- “The X-37B continues to demonstrate the importance of a reusable spaceplane,” Air Force Secretary Barbara Barrett said in a news release.
- The spaceplane program, managed by the Air Force Rapid Capabilities Office, has been used for science experiments to test technologies in a long-duration space environment.
- “With a successful landing today, the X-37B completed its longest flight to date and successfully completed all mission objectives,” said Randy Walden, director of the Air Force Rapid Capabilities Office. “This mission successfully hosted Air Force Research Laboratory experiments, among others, as well as providing a ride for small satellites.”
- One of the experiments on OTV-5 is the U.S. Air Force Research Laboratory’s second Advanced Structurally Embedded Thermal Spreader (ASETS-II). This experiment will measure the long term performance of an oscillating heat pipe on orbit. Oscillating heat pipes are capable of transporting more than 45 times more heat than copper and are one of many technologies that the Air Force is testing to help advance space vehicle designs, AFRL said.
- The original X-37 program was led by NASA and ran from 1999 to 2004, when the Defense Advanced Research Projects Agency took possession of the X-37A vehicle and conducted a series of approach and landing tests over the next two years. In 2006, the Air Force tapped Boeing to build the follow-on X-37B. A second X-37B was built in 2010.
- The Oct. 27 landing marked the second time an X-37B touched down at Kennedy Space Center’s Shuttle Landing Facility. The first was OTV-4, which landed May 7, 2017, after 718 days in orbit. The first three X-37B missions landed at Vandenberg Air Force Base, California.
- The Air Force plans to launch the sixth X-37B mission from Cape Canaveral in 2020 on a United Launch Alliance Atlas 5 rocket. The Air Force Space and Missile Systems Center expects the launch to occur sometime between April and June.
• August 8, 2019: The robotic X-37B launched its fifth and latest mission, known as Orbital Test Vehicle 5 (OTV-5), hitting the 700-day mark, and is just a few weeks short of breaking the vehicle's spaceflight-duration record. 14)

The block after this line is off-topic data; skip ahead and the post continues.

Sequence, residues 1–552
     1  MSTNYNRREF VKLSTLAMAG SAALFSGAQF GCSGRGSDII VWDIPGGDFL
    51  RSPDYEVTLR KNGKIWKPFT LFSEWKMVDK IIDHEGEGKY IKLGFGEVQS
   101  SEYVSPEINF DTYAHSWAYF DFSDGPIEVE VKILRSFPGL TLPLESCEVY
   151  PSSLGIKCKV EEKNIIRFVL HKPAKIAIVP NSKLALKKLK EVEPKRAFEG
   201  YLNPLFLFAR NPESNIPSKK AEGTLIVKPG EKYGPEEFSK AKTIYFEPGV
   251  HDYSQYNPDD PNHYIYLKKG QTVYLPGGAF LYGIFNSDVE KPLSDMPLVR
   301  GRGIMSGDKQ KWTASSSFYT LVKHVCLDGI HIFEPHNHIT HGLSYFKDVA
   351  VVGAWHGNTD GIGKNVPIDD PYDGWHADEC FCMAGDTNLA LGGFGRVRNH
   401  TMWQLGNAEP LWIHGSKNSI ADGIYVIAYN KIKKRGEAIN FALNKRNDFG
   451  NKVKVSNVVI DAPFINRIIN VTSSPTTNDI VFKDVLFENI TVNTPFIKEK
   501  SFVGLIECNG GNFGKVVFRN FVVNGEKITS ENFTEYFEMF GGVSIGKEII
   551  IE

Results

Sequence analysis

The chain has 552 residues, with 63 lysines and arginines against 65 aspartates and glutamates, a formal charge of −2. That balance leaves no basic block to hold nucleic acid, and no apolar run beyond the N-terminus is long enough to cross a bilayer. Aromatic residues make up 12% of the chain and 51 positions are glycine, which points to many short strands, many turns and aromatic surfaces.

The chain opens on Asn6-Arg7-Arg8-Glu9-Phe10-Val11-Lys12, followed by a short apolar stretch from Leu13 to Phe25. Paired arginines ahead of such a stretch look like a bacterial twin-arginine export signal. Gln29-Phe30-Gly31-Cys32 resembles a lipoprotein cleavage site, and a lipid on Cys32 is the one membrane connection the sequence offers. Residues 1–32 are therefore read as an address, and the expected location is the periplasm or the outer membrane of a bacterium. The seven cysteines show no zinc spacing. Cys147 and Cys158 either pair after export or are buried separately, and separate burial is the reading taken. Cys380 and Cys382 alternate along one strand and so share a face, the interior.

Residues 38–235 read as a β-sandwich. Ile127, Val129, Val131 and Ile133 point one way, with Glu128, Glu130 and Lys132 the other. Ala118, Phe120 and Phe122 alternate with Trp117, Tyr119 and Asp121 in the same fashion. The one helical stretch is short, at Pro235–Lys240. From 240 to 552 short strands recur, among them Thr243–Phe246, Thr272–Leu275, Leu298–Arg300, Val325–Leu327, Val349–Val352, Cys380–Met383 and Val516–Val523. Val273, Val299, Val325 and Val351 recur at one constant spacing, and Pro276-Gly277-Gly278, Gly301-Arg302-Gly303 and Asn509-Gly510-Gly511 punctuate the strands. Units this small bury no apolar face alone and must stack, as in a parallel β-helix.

- The reusable spacecraft, which looks like a miniature version of NASA's space shuttle, is on a mission that has been a topic of speculation since its start on September 7, 2017, as the solar-powered spacecraft's missions, and most of its payloads, remain classified. The US Air Force keeps stressing that the space plane tests technologies for future reusable spacecraft and takes experiments up to space and back.
- Air Force officials, however, have revealed that its payloads include the Advanced Structurally Embedded Thermal Spreader experiment (ASETS-II), which is measuring how oscillating heat pipes and certain electronics perform in the space environment.
- USAF currently possesses at least two X-37B vehicles, both of which were built by Boeing. Each space plane is 8.8 meters long and 2.9 m tall, with a wingspan of almost 4.6 m and a payload bay the size of a pickup-truck bed. Like the space shuttle, the X-37B launches vertically and lands on a runway like a plane.
- The X-37B missions have been in use since 2010, with the first mission (OTV-1) starting in April and ending in December after 224 days in space. OTV-2 lasted from March 2011 through June 2012, racking up 468 days of orbital flight.
- The 675-day OTV-3 mission launched in December 2012 and landed in October 2014, and OTV-4 wrapped up in May 2017 after 718 days. As each mission is longer than the previous one, there is a good chance that OTV-5 will remain in orbit after surpassing the record in 19 days.
• January 28, 2019: The secretive mission of a U.S. Air Force X-37B mini-space plane has winged past 500 days of flight. This robotic drone is performing classified duties during the program’s fifth flight. 15)
- This mission – tagged as Orbital Test Vehicle (OTV-5) — was rocketed into Earth orbit on 7 September 2017 atop a SpaceX Falcon 9 booster from Launch Complex 39A at NASA’s Kennedy Space Center in Florida.
- The missions of the X-37B space planes are carried out under the auspices of the Air Force Rapid Capabilities Office, and mission control for OTV flights are handled by the 3rd Space Experimentation Squadron at Schriever Air Force Base in Colorado. This squadron oversees operations of the X-37B Orbital Test Vehicle.
- This Schriever Air Force Base unit is tagged as the Air Force Space Command’s premier organization for space-based demonstrations, pathfinders and experiment testing, gathering information on objects high above Earth and carrying out other intelligence-gathering duties.
- And that may be a signal as to what the robotic craft is doing — both looking down at Earth and upward.
- On-orbit testing: On this latest clandestine mission of the space plane, all that’s known according to Air Force officials is that one payload flying on OTV-5 is the Advanced Structurally Embedded Thermal Spreader, or ASETS-II.
- Developed by the U.S. Air Force Research Laboratory (AFRL), this cargo is testing experimental electronics and oscillating heat pipes for long duration stints in the space environment.
- According to AFRL, the payload’s three primary science objectives are to measure the initial on-orbit thermal performance, to measure long duration thermal performance, and to assess any lifetime degradation.
• October 22, 2018: The US Air Force's unmanned X-37B space plane has passed its 400-day mark, inching its way toward setting a new flight duration record for the OTV (Orbital Test Vehicle) mission. 16)